Conversations About Indigenous Visual Culture Wampum: Language and Symbol


Considering the visual language, materials and agreements encoded in wampum, this talk brings together historians, curators and artists for a discussion of treaties between Indigenous nations.

 
DateSaturday, February 8, 2014 - 5:00pm to 10:00pm

Cost

Free

Location

Central Hall 100 McCaul St. Toronto, Ontario

Saturday February 8th, 2014

12 noon to 5 pm
OCAD University
100 McCaul Street
Room 230, 2nd Floor
FREE

Presented by the Indigenous Visual Culture Program.

Considering the visual language, materials and agreements encoded in wampum, this talk brings together historians, curators and artists for a discussion of treaties between Indigenous nations.

Alan Ojiig Corbiere is an Ojibwe Anishnaabe from the M’Chigeeng First Nation on Manitoulin Island. He earned his Masters of Environmental Studies at York University where he focused on Anishnaabe narratives and their role in Anishnaabe language revitalization. He served five years as the Executive Director of the Ojibwe Cultural Foundation which included roles as the Curator, Historian and Cultural programmer. During his time at the Ojibwe Cultural Foundation, he extensively researched the Anishinaabe material culture, history and art. Alan has recorded numerous elders and has conducted archival research in his efforts to synthesis an Anishnaabe cultural history. He is currently the Program Coordinator for the Anishinaabemowin Revitalization Program at Lakeview Elementary School in M'Chigeeng.

Rick Hill (Tuscarora) is an artist, writer and curator who lives at the Six Nations Community of the Grand River Territory in Ontario, Canada. Over the years, Rick has served as the Manager of the Indian Art Centre, Ottawa, Ontario; Director of the Indian Museum at the Institute of American Arts in Santa Fe, NM; and the Assistant Director for Public Programs at the National Museum of the American Indian, Smithsonian Institution; and Manager of the Haudenosaunee Resource Center. Currently he is the Coordinator for the Joint Stewardship Board at Six Nations to develop an environmental interpretation centre and is the manager of the Six Nations Virtual Archives Project.

Bonnie Devine, a member of the Serpent River First Nation of Ontario (Ojibwa) is an installation artist, curator, writer and educator. History and narrative have been and remain a compelling focus of her work. They inform her art practice, teaching career, and her work as an independent curator. Her art is about the stories of the Anishinaabek- the voices that tell them, the bodies that carry them and the land that birthed them. Devine’s drawings, videos, sculptures, and installations have been exhibited in solo and group exhibitions in Canada, the US, and Europe. She is an Associate Professor and the Founding Chair of the Indigenous Visual Culture program at OCAD University. She lives and works in Toronto, Ontario.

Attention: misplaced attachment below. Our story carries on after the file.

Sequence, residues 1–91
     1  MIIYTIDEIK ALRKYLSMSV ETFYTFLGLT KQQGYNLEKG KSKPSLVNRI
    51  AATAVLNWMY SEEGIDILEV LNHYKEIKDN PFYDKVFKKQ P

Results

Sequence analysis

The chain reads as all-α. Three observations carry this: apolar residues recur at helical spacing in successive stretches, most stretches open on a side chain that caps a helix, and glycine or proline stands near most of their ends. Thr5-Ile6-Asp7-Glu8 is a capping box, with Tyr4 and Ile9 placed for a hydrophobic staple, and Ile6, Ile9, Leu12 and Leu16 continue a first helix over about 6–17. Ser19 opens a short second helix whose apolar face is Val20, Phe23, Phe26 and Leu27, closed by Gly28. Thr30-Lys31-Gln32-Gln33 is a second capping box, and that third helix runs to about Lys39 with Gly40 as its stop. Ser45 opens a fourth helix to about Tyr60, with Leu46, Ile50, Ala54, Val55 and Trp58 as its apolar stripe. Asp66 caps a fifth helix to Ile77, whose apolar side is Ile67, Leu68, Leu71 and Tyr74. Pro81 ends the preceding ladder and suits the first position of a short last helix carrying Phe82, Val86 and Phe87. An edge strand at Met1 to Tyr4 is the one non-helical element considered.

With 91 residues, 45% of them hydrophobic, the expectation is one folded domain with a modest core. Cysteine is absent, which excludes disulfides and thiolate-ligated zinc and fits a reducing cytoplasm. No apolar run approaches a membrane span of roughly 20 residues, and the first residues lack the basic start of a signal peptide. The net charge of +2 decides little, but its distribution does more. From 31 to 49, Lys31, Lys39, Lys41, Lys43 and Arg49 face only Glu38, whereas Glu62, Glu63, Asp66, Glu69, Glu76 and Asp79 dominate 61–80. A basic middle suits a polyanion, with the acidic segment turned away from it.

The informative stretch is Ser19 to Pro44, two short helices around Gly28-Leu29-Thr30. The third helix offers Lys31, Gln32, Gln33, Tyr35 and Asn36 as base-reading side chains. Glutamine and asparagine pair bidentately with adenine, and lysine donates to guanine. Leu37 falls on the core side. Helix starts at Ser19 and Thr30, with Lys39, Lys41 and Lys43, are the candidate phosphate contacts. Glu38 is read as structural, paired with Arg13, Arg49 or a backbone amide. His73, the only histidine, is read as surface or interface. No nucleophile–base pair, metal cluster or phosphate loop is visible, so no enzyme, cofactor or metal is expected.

DateSaturday, February 8, 2014 - 5:00pm to 10:00pm

Cost

Free

Website Location

Central Hall 100 McCaul St. Toronto, Ontario

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Saturday, February 8, 2014 - 5:00pm to 10:00pm

Saturday February 8th, 2014

12 noon to 5 pm
OCAD University
100 McCaul Street
Room 230, 2nd Floor
FREE

Presented by the Indigenous Visual Culture Program.

Considering the visual language, materials and agreements encoded in wampum, this talk brings together historians, curators and artists for a discussion of treaties between Indigenous nations.

Alan Ojiig Corbiere is an Ojibwe Anishnaabe from the M’Chigeeng First Nation on Manitoulin Island. He earned his Masters of Environmental Studies at York University where he focused on Anishnaabe narratives and their role in Anishnaabe language revitalization. He served five years as the Executive Director of the Ojibwe Cultural Foundation which included roles as the Curator, Historian and Cultural programmer. During his time at the Ojibwe Cultural Foundation, he extensively researched the Anishinaabe material culture, history and art. Alan has recorded numerous elders and has conducted archival research in his efforts to synthesis an Anishnaabe cultural history. He is currently the Program Coordinator for the Anishinaabemowin Revitalization Program at Lakeview Elementary School in M'Chigeeng.

Rick Hill (Tuscarora) is an artist, writer and curator who lives at the Six Nations Community of the Grand River Territory in Ontario, Canada. Over the years, Rick has served as the Manager of the Indian Art Centre, Ottawa, Ontario; Director of the Indian Museum at the Institute of American Arts in Santa Fe, NM; and the Assistant Director for Public Programs at the National Museum of the American Indian, Smithsonian Institution; and Manager of the Haudenosaunee Resource Center. Currently he is the Coordinator for the Joint Stewardship Board at Six Nations to develop an environmental interpretation centre and is the manager of the Six Nations Virtual Archives Project.

Bonnie Devine, a member of the Serpent River First Nation of Ontario (Ojibwa) is an installation artist, curator, writer and educator. History and narrative have been and remain a compelling focus of her work. They inform her art practice, teaching career, and her work as an independent curator. Her art is about the stories of the Anishinaabek- the voices that tell them, the bodies that carry them and the land that birthed them. Devine’s drawings, videos, sculptures, and installations have been exhibited in solo and group exhibitions in Canada, the US, and Europe. She is an Associate Professor and the Founding Chair of the Indigenous Visual Culture program at OCAD University. She lives and works in Toronto, Ontario.

Venue & Address: 
Central Hall 100 McCaul St. Toronto, Ontario
Cost: 
Free
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